What are the opportunities for South Africa?

There are various factors, such as a well-positioned time zone, a largely English-speaking population and an abundant pipeline of talent and diversity that can be harnessed to take on a variety of roles within developing economies and across the world. Providing skills development, training and qualifications across sectors such as IT, including coding and programming, can unlock a significant pathway for employment opportunities within the gig economy. This expands to online client services and support centres, where jobs can be performed locally while serving a global audience.

Within our communities, we can create ecosystems to give birth to localised economic hubs. This may start with the provision of access to clean water (SDG 6), aiding in communities’ good health and wellbeing (SDG 3), unlocking opportunities for quality education (SDG 4) and farming / agricultural practices to provide food stability (SDG 2) as well as an income.

As a country, South Africa is well positioned to become a financial centre as a platform for Africa. This will in turn create employment opportunities, add value to the property sector and create demand, fostering a positive economic growth path for the country and the continent. To achieve this, work permits will need to be liberalised, providing concessions for senior leadership and other existing business requirements with a commitment to uplift and train people locally.

Stephen Koseff
Stephen Koseff, former Investec CEO

As a country, South Africa is well positioned to become a financial centre as a platform for Africa.

How can entrepreneurship contribute?

Our society used to be more unionised, however labour sectors within government have shifted the rules of engagement to bring about more partnerships, leading more people to build their own businesses and not necessarily form part of unions. Entrepreneurship creates jobs and growth 'out of nothing’ and plays a core role in achieving SDG 8.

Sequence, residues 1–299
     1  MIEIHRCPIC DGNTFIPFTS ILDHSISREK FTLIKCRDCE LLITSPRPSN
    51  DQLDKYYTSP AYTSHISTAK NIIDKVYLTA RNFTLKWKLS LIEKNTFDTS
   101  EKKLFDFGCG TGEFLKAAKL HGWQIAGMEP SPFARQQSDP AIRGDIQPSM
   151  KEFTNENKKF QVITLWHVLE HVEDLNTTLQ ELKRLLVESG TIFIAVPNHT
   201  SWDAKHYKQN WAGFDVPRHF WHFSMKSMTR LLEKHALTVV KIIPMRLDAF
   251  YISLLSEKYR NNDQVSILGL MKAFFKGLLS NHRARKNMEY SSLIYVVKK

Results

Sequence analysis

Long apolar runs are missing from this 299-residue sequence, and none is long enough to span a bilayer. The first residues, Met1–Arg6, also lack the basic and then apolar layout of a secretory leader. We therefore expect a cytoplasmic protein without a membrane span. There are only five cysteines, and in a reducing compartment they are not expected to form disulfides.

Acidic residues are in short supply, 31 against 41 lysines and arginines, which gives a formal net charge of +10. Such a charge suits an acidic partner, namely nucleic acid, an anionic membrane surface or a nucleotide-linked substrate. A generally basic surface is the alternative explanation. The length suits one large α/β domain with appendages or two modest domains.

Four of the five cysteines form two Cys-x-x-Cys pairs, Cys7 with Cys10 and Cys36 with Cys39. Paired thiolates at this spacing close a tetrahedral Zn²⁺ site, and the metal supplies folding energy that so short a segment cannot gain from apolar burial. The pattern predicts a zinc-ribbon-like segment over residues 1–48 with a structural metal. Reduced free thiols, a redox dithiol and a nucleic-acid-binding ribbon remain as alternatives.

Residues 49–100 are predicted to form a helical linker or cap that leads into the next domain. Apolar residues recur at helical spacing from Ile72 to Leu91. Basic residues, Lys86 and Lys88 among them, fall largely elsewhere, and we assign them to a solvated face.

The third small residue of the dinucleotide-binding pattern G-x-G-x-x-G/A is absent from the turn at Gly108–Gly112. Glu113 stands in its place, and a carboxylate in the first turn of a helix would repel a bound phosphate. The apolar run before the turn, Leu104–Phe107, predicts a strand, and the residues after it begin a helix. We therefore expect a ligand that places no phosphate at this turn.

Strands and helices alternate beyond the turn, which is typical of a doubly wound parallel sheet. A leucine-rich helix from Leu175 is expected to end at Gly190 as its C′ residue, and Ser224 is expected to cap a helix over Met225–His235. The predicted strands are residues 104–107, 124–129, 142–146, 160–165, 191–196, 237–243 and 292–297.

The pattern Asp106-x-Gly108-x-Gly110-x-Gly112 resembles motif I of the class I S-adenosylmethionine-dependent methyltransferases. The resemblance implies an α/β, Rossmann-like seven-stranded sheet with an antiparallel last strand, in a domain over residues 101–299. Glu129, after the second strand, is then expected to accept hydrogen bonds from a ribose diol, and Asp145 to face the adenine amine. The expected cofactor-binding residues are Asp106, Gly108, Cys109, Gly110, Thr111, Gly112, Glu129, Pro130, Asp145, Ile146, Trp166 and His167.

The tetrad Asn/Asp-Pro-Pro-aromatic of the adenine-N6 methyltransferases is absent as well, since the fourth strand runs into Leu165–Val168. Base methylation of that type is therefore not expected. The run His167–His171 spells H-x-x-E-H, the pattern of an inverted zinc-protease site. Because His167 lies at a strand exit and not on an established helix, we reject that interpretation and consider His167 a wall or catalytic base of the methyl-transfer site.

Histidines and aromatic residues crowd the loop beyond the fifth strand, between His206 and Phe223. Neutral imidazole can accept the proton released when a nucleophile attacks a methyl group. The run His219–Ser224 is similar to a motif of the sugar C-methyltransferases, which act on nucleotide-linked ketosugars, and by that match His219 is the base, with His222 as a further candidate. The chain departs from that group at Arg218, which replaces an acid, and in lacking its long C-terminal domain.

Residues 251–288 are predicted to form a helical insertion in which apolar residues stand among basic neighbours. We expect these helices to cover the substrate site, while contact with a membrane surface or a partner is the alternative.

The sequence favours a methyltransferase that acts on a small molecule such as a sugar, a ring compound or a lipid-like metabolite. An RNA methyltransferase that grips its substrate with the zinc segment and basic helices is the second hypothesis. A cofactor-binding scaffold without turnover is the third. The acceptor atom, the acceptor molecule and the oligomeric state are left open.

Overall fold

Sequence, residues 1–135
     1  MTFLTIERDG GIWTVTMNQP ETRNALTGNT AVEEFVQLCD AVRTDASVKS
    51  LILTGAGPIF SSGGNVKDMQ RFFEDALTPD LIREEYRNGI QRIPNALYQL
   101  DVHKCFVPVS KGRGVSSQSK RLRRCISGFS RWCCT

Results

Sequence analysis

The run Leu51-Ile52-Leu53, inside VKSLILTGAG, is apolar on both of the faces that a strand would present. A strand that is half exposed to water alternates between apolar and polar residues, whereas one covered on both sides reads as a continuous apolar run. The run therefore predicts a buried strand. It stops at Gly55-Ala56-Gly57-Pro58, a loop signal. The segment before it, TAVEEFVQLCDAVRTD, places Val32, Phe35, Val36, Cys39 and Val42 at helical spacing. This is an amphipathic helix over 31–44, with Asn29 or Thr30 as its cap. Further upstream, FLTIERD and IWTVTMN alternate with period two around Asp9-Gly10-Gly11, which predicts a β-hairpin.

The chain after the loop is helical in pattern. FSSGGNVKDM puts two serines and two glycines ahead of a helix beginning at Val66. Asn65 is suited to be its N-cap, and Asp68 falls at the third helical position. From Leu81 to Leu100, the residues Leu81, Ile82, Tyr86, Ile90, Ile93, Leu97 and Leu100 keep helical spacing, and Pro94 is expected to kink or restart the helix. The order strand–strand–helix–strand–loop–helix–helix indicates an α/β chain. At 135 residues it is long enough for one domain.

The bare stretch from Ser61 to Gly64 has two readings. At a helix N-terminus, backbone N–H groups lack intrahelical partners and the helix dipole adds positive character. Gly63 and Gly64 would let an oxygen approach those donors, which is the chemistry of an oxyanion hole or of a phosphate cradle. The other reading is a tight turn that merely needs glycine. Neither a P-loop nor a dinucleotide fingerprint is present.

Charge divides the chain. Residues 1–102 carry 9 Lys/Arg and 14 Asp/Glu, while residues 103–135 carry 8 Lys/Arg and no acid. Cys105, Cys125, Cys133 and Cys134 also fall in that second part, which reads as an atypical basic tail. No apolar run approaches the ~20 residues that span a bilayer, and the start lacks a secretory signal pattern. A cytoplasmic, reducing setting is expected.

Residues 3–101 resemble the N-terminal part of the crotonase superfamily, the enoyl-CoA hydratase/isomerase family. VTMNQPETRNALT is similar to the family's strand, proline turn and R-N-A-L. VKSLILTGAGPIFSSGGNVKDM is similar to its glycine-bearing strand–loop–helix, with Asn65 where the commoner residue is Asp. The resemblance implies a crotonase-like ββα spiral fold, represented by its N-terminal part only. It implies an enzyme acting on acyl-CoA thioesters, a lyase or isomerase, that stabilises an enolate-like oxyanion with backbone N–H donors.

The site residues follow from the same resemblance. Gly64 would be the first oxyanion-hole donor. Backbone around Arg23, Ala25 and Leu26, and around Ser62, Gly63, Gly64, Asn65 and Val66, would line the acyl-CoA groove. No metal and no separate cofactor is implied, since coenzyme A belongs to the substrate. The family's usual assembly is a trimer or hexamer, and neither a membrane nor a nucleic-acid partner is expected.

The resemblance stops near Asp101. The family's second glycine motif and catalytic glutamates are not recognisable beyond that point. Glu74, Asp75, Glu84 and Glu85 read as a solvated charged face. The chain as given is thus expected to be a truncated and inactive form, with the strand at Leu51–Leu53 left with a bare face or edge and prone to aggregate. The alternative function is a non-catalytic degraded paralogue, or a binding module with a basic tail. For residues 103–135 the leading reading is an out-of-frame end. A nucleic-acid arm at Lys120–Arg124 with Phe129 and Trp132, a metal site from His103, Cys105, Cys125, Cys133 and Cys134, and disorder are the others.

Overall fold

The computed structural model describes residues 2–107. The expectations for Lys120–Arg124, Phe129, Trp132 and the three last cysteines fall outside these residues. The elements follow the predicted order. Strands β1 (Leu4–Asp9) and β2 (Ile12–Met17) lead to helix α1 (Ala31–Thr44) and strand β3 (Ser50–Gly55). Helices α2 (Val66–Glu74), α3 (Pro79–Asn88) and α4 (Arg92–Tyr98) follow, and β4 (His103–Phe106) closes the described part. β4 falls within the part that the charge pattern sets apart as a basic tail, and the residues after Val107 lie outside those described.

Good ideas and good businesses will find the support they need. This may come through formal channels such as the SMME fund or informally through knocking on corporate and individual doors. If you can present yourself and your business case well, with a clear conviction and market positioning, there will always be at least one door that opens for you. Poor ideas present hindrances, not the lack of opportunities to find the support required.

Explain the intersectionality of gender equality (SDG 5), decent work and economic growth?

Women are critical role players in achieving economic growth. Historically, key forms of intensive labour such as mining and building, which made up a significant part of the economy, were predominantly taken up by men. However, this landscape continues to shift and in doing so, provides more equal opportunities for men and women to play a key role in contributing to the economy. One point of consideration is how women, together with their partners and/or families, balance the multiple roles and responsibilities held across family and career.

Companies should be mindful that their policies and practices provide support and flexibility across male and female employees, enabling working parents to find balance between both. Within underserved communities, where women are generally the primary caregiver to their children, the more support structures that are built such as early childhood development centres, that enable women to go out and find work, the greater our ability to expand our work force and be well positioned for economic growth.

Can we build a world on decent work and economic growth?

The targets of SDG 8 include somewhat idealistic figures, namely achieving GDP growth of 7% and zero unemployment. These may provide good direction as to what we should aspire to achieve, however we need to consider what success could look like. If we are able to achieve an unemployment rate of between 4% and 8% of the population actively seeking work with globally competitive wages, dignified working conditions and structural environments that foster growth, we will be well positioned to build a more inclusive and sustainable world.